# Plus Two Maths Notes Chapter 6 Application of Derivatives

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## Kerala Plus Two Maths Notes Chapter 6 Application of Derivatives

Introduction
In this chapter we analyses the physical and geometrical applications of derivatives in real life such as to determine rate of change, to find tangents and normal to a curve, to find turning points, intervals in which the curve is increasing and decreasing, to find approximate value of certain quantities.

I. Rate of Change
$$\frac{d y}{d x}$$, we mean the rate of change of y with respect to x. If s is the displacement function in terms of time t and v the velocity at that time. Then, $$\frac{d s}{d t}$$ = velocity, Acceleration = $$\frac{d v}{d t}=\frac{d^{2} s}{d t^{2}}$$

II. Tangents and Normals
If a tangent line to the curve y = f(x) makes an angle θ with the positive direction of the x-axis, then f'(x) = slope of the tangent = tanθ.
Equation of tangent to the curve y = f (x) at the point (x1, y1): y – y1 = f'(x1)(x – x1)
Equation of normal to the curve y = f (x) at the point (x1, y1): y – y1 = –$$\frac{1}{f^{\prime}\left(x_{1}\right)}$$(x – x1)

III. Increasing and decreasing functions
Nature of a function on a given interval;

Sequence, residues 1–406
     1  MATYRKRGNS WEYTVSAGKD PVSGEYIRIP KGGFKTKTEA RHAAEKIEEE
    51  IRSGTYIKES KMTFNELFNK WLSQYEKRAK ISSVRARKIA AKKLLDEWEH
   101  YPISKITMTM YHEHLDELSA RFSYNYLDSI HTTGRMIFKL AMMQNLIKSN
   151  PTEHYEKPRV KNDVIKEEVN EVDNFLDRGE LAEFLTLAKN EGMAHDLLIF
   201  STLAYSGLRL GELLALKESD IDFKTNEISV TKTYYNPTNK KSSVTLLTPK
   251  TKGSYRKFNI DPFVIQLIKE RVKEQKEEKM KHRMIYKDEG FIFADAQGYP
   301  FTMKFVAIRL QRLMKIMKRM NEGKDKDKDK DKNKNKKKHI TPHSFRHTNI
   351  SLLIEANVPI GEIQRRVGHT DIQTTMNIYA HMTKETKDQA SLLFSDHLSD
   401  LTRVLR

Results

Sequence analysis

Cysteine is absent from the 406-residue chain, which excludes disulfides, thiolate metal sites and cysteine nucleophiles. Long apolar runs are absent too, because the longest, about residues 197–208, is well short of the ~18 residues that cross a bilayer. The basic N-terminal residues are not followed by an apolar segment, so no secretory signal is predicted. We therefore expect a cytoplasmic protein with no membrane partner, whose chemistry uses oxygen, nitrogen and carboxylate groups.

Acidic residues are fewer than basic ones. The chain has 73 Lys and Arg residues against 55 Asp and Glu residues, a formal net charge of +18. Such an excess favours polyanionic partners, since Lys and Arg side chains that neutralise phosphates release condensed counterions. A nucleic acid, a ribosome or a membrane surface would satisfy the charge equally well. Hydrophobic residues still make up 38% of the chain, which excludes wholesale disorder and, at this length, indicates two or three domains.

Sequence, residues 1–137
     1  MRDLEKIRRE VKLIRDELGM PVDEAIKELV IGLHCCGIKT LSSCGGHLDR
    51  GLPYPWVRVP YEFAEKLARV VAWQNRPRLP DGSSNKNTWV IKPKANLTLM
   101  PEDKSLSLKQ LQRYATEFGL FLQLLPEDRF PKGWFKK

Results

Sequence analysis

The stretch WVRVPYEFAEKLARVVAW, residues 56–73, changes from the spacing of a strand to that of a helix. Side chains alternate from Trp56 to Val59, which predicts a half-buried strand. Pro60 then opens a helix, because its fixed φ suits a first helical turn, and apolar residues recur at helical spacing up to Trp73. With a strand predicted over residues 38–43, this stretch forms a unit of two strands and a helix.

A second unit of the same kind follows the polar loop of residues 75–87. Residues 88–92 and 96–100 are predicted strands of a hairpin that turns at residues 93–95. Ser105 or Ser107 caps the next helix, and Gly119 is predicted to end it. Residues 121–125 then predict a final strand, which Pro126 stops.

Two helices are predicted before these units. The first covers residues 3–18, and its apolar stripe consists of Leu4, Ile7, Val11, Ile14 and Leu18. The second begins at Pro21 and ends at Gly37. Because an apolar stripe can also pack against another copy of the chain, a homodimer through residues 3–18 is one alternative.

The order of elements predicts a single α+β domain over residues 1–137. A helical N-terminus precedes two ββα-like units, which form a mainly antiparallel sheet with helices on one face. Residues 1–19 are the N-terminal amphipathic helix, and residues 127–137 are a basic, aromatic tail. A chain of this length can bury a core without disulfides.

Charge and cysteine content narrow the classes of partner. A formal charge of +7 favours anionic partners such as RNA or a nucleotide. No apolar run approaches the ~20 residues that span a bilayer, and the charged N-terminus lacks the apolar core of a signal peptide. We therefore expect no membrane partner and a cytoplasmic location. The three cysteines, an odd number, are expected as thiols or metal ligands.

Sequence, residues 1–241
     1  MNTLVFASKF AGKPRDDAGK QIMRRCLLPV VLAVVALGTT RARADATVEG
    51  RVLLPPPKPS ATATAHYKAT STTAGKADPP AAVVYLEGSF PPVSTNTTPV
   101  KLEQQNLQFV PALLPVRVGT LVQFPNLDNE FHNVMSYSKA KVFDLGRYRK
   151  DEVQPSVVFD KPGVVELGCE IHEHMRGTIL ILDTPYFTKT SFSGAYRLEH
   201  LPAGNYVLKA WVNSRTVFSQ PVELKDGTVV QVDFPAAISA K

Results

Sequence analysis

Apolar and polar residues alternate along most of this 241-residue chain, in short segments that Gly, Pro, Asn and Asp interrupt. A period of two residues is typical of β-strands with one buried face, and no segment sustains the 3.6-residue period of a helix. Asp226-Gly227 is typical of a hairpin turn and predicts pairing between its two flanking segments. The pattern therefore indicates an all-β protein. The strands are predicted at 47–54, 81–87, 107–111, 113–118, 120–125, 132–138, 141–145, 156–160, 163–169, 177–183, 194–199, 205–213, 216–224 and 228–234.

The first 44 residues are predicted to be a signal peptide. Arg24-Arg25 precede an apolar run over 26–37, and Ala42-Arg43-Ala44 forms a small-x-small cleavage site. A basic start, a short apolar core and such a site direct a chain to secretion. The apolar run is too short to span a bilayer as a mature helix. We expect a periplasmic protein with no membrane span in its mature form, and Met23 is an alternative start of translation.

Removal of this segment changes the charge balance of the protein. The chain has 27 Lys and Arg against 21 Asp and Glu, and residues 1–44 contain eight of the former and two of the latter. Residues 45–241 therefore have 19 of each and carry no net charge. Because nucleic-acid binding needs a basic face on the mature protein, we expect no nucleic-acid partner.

Strictly increasing on [a, b]: f'(x) > 0, x ∈ (a, b) Increasing on [a, b]: f'(x) ≥ 0, x ∈ (a, b)
Strictly decreasing on [a, b]: f'(x) < 0, x ∈ (a, b) Decreasing on[a, b]: f'(x) ≤ 0, x ∈ (a, b).
1. Between two consecutive points at which f'(x) = 0 the function has only one nature either it is increasing or decreasing, not both.

IV. Approximation
Consider a function y = f(x). Let ∆x denote a small increment in x and ∆y be the corresponding increment in y. Then, ∆y can be approximated by dy, where dy = $$\frac{d y}{d x}$$ × ∆x.

V. Maxima and Minima
A function y = f(x) is said to have a local maximum at x = a, if f(a) is the maximum value obtained by the function in the neighbourhood of x = a.

A function y = f(x) is said to have a local minimum at x = a, if f(a) is the minimum value obtained by the function in the neighbourhood of x = a.

Point on the curve at which f'(x) = 0 is called stationary point or turning point. The following are methods to find the local maximum and local minimum at points where f'(x) = 0.

First Derivative Test:

1. If f'(c) = 0 and f'(x)changes its sign from positive to negative from left to right of x = c, then the point is a local maximum point.
2. If f'(c) = 0 and f'(x) changes its sign from negative to positive from left to right of x = c, then the point is a local minimum point.
3. If f'(c) = 0 and if there is no change of sign for f'(x) from left to right of x = c, then the point is a inflexion point.

Second Derivative Test:

1. If f'(c) = 0 and f”(c) < 0 , then x = c is a local maximum point.
2. If f'(c) = 0 and f”(c) > 0, then x = c is a local minimum point.
3. If f'(c) = 0 and f”(c) = 0, then the test fails and go to first derivate test for checking maxima and minima.

Absolute Maxima and Minima:
Let f(x) be a function defined on [a, b] and if , f'(x) = 0 ⇒ x = x1, x2, x3,……etc, then

1. Absolute maximum value of
= max{f(a), f(x1), f(x2),…….f(b)}
2. Absolute minimum value of
= min{f(a), f.(x1), f(x2),…..f(b)}
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